There would be later hotels, including the Crescent Hotel, built across the tracks in the late 1900s (roughly where the State Road 85 overpass is today); and the 1915 Okaloosa Hotel, on the east side of Pearl Street on the corner of Railroad Avenue.

Crestview’s Lamar Hotel was opened in 1926 on the site of the city’s first business, the 1880s Powell Hotel. On the left, facing Woodruff Avenue, the lightwell that provided sunlight to interior guestrooms is clearly seen.
Following a circa 1940 renovation by the Hilton family — no relation to today’s worldwide hotel chain — the front canopy and balcony were removed. The small white squares below the center windows show where joists once protruded from the façade to support the balcony.

But the Lamar Hotel, opened in June 1926, would prove the city’s most enduring, and for 11 years, the city’s largest building until the Smith-Johnson Shirt Co. opened — now known as the Alatex Building, home of the FAMU pharmacy school.

Built of brick by contractor Johnny Wilkinson for W.H. Graham on the site previously occupied by the Powell Hotel, the grand, two-story block-long landmark had 46 rooms upstairs. It cleverly used a central lightwell down the center to assure every room had natural sunlight.

A canopy and balcony protected pedestrians walking the length of the hotel along Main Street.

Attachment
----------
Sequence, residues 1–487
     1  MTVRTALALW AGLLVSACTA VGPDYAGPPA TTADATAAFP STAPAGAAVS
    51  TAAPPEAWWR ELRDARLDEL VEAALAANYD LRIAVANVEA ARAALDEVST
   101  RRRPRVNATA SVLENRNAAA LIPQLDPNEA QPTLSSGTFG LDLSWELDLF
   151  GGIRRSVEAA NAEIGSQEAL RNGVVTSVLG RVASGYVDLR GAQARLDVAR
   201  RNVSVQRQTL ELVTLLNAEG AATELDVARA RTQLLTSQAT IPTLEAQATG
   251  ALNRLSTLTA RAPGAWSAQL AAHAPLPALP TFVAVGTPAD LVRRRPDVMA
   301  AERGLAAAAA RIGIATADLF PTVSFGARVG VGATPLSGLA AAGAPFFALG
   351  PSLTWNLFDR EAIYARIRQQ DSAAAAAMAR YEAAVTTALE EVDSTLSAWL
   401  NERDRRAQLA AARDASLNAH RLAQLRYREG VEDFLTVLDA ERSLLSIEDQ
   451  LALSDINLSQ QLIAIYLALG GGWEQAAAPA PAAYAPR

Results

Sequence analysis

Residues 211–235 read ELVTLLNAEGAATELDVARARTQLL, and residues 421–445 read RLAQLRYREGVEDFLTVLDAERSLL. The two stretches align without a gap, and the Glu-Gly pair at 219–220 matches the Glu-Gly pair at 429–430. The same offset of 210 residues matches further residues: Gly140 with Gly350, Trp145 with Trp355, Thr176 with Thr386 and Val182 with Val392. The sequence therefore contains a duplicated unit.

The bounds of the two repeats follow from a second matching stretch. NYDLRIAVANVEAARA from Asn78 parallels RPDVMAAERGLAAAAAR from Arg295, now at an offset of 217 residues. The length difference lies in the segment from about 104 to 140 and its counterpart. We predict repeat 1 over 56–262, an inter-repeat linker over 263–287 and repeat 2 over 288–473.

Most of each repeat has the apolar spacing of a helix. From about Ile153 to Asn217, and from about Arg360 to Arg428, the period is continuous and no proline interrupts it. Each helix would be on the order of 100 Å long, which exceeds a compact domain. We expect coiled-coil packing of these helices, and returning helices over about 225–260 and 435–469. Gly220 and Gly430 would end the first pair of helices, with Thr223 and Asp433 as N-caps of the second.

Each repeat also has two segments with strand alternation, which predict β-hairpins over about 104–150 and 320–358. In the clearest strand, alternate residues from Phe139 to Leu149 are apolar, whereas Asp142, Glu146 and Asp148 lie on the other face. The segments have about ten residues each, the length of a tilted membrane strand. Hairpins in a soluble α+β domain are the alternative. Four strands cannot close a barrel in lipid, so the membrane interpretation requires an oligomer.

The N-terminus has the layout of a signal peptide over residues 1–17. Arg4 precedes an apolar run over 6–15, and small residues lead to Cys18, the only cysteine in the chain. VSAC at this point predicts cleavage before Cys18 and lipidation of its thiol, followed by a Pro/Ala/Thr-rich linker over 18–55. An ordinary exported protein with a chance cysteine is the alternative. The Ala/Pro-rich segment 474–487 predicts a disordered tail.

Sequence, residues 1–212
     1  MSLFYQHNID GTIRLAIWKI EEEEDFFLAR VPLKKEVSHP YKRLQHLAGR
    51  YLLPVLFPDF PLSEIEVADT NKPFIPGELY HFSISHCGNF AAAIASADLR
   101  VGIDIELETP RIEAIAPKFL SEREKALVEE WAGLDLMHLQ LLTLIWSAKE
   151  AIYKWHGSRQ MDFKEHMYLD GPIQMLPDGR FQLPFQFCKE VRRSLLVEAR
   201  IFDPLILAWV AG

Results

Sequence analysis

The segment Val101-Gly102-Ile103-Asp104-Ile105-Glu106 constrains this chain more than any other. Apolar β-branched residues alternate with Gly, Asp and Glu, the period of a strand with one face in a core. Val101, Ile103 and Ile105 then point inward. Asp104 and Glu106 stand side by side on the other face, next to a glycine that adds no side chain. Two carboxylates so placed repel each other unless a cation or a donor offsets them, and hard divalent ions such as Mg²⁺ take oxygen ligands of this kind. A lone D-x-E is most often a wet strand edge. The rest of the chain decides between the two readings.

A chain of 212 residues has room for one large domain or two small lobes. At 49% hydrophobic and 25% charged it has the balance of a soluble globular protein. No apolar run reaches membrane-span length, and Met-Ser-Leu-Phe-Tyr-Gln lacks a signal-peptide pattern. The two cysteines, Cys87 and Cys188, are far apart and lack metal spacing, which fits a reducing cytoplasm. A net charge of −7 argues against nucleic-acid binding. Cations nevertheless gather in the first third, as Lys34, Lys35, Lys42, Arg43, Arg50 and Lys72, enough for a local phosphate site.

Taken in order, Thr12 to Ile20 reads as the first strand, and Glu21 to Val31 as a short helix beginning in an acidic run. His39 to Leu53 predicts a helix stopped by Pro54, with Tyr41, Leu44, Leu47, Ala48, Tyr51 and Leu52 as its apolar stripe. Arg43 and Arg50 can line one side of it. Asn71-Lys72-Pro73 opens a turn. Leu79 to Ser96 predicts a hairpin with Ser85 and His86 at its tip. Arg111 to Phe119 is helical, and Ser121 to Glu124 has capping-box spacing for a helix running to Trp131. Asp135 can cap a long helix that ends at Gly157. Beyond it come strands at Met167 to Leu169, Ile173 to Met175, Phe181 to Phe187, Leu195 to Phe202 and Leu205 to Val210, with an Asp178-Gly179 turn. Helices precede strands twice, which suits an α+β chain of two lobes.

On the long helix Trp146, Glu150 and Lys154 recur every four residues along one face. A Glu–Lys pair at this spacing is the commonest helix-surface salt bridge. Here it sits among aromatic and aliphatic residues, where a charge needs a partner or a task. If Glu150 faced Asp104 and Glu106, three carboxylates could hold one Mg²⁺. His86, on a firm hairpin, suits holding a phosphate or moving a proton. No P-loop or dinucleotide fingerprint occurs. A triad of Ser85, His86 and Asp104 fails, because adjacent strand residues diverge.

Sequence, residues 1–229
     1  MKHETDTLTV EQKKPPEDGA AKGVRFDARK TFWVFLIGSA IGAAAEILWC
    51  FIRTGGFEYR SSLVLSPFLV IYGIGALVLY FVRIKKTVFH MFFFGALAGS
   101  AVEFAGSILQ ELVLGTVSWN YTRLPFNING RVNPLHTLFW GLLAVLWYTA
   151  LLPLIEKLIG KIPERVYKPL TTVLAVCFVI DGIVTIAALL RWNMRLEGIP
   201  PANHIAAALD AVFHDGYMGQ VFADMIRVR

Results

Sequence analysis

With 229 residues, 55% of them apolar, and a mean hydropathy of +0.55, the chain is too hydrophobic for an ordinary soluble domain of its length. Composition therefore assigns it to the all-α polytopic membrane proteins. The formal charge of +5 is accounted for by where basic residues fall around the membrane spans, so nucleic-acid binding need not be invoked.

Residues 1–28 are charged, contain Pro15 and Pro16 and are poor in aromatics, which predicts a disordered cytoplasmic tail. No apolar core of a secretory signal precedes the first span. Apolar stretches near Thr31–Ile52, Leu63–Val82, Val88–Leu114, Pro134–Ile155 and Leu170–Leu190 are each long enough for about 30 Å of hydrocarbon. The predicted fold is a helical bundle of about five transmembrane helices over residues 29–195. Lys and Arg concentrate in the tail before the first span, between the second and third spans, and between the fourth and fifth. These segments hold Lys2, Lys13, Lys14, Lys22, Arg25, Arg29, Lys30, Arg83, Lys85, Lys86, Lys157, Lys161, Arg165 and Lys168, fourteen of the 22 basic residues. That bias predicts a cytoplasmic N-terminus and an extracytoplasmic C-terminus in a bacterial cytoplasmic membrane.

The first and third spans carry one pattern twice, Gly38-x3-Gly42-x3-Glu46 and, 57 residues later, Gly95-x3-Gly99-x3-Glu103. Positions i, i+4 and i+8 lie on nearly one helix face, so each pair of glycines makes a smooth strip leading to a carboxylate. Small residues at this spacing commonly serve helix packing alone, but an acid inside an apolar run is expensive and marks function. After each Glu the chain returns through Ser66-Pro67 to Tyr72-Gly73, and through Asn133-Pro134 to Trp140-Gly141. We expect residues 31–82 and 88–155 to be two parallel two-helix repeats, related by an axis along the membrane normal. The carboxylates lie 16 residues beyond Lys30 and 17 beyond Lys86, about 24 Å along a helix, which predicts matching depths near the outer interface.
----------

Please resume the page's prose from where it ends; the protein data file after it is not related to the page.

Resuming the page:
According to the Dec. 10, 1925, Okaloosa News-Journal (forerunner of today’s Crestview News Bulletin), “The lower floor will constitute five store rooms, one will be used for a lobby, one for a café and the other will be used for stores.”

One of those first ground-floor stores was the Cox Hardware Co. on the hotel’s Main and Woodruff corner. After Cox Hardware moved up Main Street, Scarborough Auto and Home Supply took over the corner, with Roystan’s B.F. Goodrich tire sales shop. A large second-floor lobby spanned much of the building’s depth.

By the time of its sale to Aubrey and Rosa Nell Hilton about 1940, the hotel badly needed refurbishment. The Hiltons removed the front balcony and canopy, putting decorative awnings over the Main Street hotel lobby and store entrances. Each room received a private bathroom.

The Grill restaurant opened next to the central downstairs lobby in the space currently occupied by Great Faith Ministries. It was run by Marie Douglass, whose husband, W.D. “Cooter” Douglass, was the local radio personality who famously nicknamed County Road 2 south of Laurel Hill the “Hog and Hominy” for its rural setting.